ONE of Scotland's leading architects has called for the preservation of a Glasgow landmark as proposals emerged to demolish a flagship shopping mall to be replaced by a £800m "net zero, mixed-use" neighbourhood.

Developer and site owner Landsec's plans to pull down the 23-year-old Buchanan Galleries, and linked car park and its proposals are go to a public consultation next Thursday.

Views are being sought to inform a phase one masterplan which will be put forward for planning permission early next year.

It comes seven years after a previous project which would have seen the shopping mall double in size at a cost of £400m while removing the Concert Hall steps, was shelved.

Developers had to go back to the drawing board after the plans for the extension to the Buchanan Galleries shopping centre were at first approved despite a wave of protest against the demolition of the iconic steps.

The proposals received more than 300 letters of objection and a petition against the demolition of the steps garnered around 14,000 signatures. Even so councillors approved the scheme by 11 votes to four.

But the developer Land Securities said the scheme was to be put on hold.

Now Professor Alan Dunlop, who was vocal about his concerns for the landmark seven years ago wants an assurance that the Concert Hall steps will not disappear when the fully formed plans finally materialise, fearing the threat to their future remains.

Landsec said the concept was differnet from what was previously planned and that the future of the Concert Hall steps "will be informed by the community consultation process".

Designed by Leslie Martin, the architect behind London’s Royal Festival Hall, the concert hall opened in 1990 as part of Glasgow’s year as European City of Culture. The steps which also feature a statue of the inaugural First Minister of Scotland Donald Dewar became a popular meeting place.

Glasgow Times:

But the plans had proposed for a new gathering space to be created to the south of the shopping centre extension with the statue moved a few yards from its present location.

Prof Dunlop, visiting professor at Robert Gordon University's Scott Sutherland School of Architecture who has taught at schools of architecture internationally, said the steps must be protected.

"The Buchanan Galleries are very popular and the building accommodates massive car parking provision to the north of the city centre, which would be missed," he said.

"The galleries have helped secure Glasgow's claim to be a leading shopping destination. However, I have no love for the building and none at all for Glasgow's stab at a post modern future.

"I would not object to its demolition providing something better takes its place but it has to be more than a decent design. The idea up a direct entrance to Queen Street station and the underground was first proposed by David Page in the 1980's, so not a new suggestion.

"However, what is fundamental and has made a significant contribution and positive addition to the urban fabric of the city centre are the Concert Hall steps. They have become a meeting place and lunchtime destination for Glaswegians, almost by accident. People gather there regularly. they should not be demolished and said so in 2015, when a scheme for the demolition galleries was first mooted.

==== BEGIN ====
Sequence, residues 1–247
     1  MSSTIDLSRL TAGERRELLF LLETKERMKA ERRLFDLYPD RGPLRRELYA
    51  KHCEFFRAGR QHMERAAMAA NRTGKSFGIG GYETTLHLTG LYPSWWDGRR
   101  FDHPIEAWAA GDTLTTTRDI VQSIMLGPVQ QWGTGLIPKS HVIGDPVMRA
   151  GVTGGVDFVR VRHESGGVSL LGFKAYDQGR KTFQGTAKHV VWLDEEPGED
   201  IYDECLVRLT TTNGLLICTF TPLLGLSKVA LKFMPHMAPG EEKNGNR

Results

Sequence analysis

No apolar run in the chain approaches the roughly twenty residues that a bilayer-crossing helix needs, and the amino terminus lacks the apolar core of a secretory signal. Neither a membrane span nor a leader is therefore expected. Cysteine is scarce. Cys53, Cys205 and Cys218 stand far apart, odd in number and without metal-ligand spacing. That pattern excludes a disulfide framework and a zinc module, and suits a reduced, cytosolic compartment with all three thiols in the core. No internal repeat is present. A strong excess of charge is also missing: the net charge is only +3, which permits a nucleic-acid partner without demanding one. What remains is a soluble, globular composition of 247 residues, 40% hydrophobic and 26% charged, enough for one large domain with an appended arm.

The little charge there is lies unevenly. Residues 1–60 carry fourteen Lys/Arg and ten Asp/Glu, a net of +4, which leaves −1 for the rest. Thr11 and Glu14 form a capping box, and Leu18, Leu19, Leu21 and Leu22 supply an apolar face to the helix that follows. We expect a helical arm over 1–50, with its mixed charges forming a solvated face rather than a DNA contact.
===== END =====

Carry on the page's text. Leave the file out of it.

"The same concerns would apply to any new proposals."

Glasgow Times: Professor Alan Dunlop of Liverpool University

Prof Alan Dunlop

The Buchanan Galleries project consultation was unveiled with words of support from Glasgow City Council and the Glasgow Chamber of Commerce.

The owner of the mammoth shopping centre has been working with the city council on the huge rethink plan to create new city centre region with shops, offices and homes - although detailed plans are not yet available.

Proposals were to include building a concrete raft over the railway line cutting into Queen Street Station for extra public space or a building.

Glasgow City Council would need to approve any project as the head landlord of the galleries, but had been considering the use of Tax Incremental Finance to support some of the major enabling works that would be required.

While still at the concept stage, proposals for the Galleries were to be delivered over 10 years from next year.

It was estimated that over 850 construction jobs could be created each year during the build phase leading to over 9,500 permanent jobs for the city centre.

The council, which says it is working with the developers, has said that the project will give the opportunity to "improve the area around the Concert Hall steps".

It said that would allow for the "physical reconfiguration of Buchanan Galleries, enhance the new streetscape, and deliver a more connected and permeable scheme resulting from the creation of improved pedestrian linkages between Buchanan Street and Killermont Street".

And it insisted that any development of this area would have to "reflect the history of this space as a resting point, and an area for event activity, protesting and other public activities".

A full planning application is not expected till next year and it is hoped that there will be approval by Glasgow City Council in late Spring 2023.

Developers say the earliest time for any on site activity would be early 2024.

A Landsec spokesperson said: “Increasing the overall amount of open and accessible public spaces is a key priority for this development. The future of the Royal Concert Hall steps will be informed by the community consultation process.

“Landsec’s vision for Buchanan Galleries is to replace the existing mall with a new, sustainable net zero, mixed-use urban district. This would transform the area by introducing flexible buildings and additional public space designed for retail, hospitality, business and residential use to meet the changing needs of local people, visitors, businesses, and the wider city.”